Wind and Solar Powered Cellphone Networks
Namibia is a big place with only two million people and not much infrastructure. They are building a cellphone system (cheaper than a wired one where there isn't much infrastructure or density) but it costs $ 8,000 per kilometre to put in grid power and it takes at least a year. Motorola and cellphone company MTC Namibia are trying out a combo solar and wind installation to roll the phones out quickly.
According to the BBC, The base station needs between 1,200 and 1,500 watts and to meet that demand the site will have a six-kilowatt turbine and four solar panels. "In Namibia the turbine and solar panels will also be running the base station with traffic on it, the peripheral communications, vsat (satellite transmitter/receiver) and even the protective fencing around the site," said Motorola's Linda Brown. The cell will serve 1,500 people living in the village as well as farming communities about 30km away.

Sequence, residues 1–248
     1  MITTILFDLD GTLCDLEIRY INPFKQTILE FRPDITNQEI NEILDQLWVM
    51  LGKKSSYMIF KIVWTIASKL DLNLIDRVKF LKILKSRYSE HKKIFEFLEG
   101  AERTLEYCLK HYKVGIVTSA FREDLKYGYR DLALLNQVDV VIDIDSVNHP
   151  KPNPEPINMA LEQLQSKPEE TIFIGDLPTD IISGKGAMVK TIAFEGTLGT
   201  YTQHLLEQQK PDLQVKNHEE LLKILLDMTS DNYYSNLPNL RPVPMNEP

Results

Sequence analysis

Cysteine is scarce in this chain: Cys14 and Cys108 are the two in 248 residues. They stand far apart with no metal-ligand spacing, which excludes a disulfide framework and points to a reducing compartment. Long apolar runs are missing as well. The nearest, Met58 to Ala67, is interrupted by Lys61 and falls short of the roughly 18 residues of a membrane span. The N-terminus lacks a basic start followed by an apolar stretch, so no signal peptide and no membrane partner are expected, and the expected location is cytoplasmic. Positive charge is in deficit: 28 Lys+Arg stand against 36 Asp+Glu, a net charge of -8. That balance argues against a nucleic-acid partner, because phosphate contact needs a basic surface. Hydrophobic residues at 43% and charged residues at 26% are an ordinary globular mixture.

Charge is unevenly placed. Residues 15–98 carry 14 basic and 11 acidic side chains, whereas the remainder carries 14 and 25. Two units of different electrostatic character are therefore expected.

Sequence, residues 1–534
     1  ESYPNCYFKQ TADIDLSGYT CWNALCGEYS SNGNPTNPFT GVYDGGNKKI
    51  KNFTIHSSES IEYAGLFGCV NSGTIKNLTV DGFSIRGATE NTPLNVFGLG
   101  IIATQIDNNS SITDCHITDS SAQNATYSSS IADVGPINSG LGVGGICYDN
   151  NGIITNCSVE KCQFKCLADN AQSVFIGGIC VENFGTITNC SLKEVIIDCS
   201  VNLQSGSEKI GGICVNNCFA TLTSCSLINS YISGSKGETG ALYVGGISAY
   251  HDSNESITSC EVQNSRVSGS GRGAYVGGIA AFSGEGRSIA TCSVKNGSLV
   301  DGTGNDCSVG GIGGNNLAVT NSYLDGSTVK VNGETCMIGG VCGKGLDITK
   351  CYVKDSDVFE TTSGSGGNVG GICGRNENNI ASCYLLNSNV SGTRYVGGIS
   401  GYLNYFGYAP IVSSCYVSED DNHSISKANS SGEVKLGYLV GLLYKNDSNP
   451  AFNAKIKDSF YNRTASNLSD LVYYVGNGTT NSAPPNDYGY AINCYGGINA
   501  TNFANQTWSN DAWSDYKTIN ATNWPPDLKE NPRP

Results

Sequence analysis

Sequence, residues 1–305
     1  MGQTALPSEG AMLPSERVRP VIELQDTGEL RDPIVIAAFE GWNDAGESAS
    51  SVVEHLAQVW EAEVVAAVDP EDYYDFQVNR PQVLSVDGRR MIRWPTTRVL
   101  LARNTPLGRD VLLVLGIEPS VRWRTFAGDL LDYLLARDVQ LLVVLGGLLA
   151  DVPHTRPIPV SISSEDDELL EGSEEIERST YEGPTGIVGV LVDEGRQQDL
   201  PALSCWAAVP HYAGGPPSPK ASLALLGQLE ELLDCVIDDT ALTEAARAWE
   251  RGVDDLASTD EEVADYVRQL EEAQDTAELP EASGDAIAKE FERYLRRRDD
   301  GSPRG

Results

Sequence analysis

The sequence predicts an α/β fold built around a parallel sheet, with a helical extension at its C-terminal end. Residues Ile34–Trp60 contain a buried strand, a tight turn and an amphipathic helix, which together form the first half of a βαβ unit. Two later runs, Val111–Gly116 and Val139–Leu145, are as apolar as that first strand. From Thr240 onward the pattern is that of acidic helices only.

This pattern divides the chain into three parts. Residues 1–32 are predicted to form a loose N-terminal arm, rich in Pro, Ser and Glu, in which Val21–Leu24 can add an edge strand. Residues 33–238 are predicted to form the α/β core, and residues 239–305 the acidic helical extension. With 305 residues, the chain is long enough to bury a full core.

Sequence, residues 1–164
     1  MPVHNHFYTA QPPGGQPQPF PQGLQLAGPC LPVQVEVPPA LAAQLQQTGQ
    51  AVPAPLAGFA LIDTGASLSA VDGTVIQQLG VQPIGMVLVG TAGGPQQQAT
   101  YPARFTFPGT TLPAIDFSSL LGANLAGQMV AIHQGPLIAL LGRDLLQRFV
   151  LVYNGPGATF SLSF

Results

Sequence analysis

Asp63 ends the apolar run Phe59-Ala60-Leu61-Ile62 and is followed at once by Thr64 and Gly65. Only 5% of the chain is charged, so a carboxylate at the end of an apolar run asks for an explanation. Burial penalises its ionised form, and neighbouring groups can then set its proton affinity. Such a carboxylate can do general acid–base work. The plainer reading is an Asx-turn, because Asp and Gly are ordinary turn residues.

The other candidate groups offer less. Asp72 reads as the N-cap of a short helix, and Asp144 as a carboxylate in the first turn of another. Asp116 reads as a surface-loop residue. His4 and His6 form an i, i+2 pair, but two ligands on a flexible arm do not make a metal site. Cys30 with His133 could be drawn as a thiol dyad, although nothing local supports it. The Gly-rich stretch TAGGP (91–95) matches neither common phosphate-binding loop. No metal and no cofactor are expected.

According to the Register, Wind and solar powered stations require less maintenance than a diesel driven generator which generally requires, at a minimum, a monthly visit for refueling. Thomas Quirke, director of marketing at Motorola, said that diesel power is expensive, especially in cases where it needs to be delivered to cell sites without road access, and often gets siphoned off. "Diesel fuel supplies are heavily prone to theft. Thieves will even take diesel generators, given the chance," he said.
We can think of few better examples of how technology can improve peoples lives without damaging the environment.::BBC